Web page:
5

I bought a box of various 2"x2" Mexican tiles to create a backsplash behind my oven:

overall variety

What I want to do, is to make some of my own tiles to mix in - tiles that don't "stick out" as being obviously different, but which contain images personal to me. I want my tiles to use the same colors and the same design styles as the ones I bought.

So I'm working with a local ceramicist, she's got some red clay to match these tiles (here's a side view of one of the purchased tiles, showing the clay):

side view

and she's working with the clay to figure out shrinkage amount and what thickness to start with.

But now we're looking at the designs on these tiles and trying to figure out what they did, so that we can match it. (BTW I've contacted the company and they don't want to give up trade secrets, I guess that's understandable)

Some of these tiles look like they could have been hand-painted:

diagonals

and possibly even

corner blobs

but others are just way too intricate and precise to be hand painted:

circle pattern

Any idea what process they used to put the images onto the tiles?

3

They probably covered the tile in white glaze and then used a paint brush or sponge stamps to apply the blue glaze on top of the dried (but not fired) white glaze.

Unfortunately the only source I could find is a German documentary without any subtitles, but starting at 28:10 it clearly shows a potter applying different patterns by sponging pigmented engobe onto unfired clay items.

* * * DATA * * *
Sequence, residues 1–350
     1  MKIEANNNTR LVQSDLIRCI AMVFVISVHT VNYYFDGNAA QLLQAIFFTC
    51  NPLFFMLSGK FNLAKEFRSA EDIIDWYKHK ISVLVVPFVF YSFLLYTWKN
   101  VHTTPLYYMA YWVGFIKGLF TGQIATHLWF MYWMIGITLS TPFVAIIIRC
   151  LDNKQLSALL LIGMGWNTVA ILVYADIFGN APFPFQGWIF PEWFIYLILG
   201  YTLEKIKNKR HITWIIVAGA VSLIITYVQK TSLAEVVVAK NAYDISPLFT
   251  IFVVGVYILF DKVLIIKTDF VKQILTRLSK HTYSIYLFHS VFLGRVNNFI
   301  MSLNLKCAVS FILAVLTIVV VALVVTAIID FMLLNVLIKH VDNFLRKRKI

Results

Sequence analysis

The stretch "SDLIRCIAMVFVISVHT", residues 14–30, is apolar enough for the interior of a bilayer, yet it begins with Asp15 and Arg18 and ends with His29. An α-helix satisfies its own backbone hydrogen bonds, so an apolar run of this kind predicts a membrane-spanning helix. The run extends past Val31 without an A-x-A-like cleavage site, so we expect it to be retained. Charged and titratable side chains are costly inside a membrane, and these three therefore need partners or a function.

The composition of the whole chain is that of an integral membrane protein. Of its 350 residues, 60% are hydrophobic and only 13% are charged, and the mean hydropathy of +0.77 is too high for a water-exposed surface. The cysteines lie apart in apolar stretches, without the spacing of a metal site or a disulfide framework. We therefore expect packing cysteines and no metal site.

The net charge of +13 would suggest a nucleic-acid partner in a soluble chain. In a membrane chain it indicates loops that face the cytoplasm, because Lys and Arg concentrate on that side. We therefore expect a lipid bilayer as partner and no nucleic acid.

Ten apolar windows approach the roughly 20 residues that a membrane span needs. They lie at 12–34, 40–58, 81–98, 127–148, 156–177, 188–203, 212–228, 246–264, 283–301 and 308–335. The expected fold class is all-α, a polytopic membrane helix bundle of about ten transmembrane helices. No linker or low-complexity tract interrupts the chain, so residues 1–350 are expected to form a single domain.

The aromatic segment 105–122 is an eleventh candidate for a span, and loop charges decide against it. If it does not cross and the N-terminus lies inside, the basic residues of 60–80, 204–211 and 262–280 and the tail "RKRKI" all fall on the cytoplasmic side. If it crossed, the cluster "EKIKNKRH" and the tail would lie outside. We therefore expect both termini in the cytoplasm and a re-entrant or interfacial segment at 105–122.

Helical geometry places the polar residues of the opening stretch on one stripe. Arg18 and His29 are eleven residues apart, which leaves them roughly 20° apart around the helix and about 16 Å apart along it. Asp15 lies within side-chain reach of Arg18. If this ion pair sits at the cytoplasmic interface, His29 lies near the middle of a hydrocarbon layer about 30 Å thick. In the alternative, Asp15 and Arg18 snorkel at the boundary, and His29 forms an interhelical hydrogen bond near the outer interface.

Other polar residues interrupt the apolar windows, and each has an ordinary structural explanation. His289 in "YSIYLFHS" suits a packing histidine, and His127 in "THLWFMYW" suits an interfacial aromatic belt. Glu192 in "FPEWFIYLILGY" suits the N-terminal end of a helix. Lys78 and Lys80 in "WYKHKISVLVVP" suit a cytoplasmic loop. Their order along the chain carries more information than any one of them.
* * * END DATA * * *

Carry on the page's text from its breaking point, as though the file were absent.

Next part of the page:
She explains that she made all of her sponge stamps herself by drawing a motif onto a fine sponge and either cutting the excess away with nail scissors or burning fine lines into the sponge with a soldering iron.

To apply the pattern, the sponge has to be damp. The clay item is covered with a first coat of engobe. After the first coat dried, the sponge stamp is dipped into a very shallow pool of engobe and then stippled onto the clay item.

You won't get perfectly crisp lines with this method, but especially the bottommost picture you posted looks like it was sponged. You can even see a very slight sponge pattern in there. All of the other tiles have very smooth lines and are most likely hand painted, but I can imagine that you can stamp a guiding pattern onto the tile and then follow that pattern with a paint brush.

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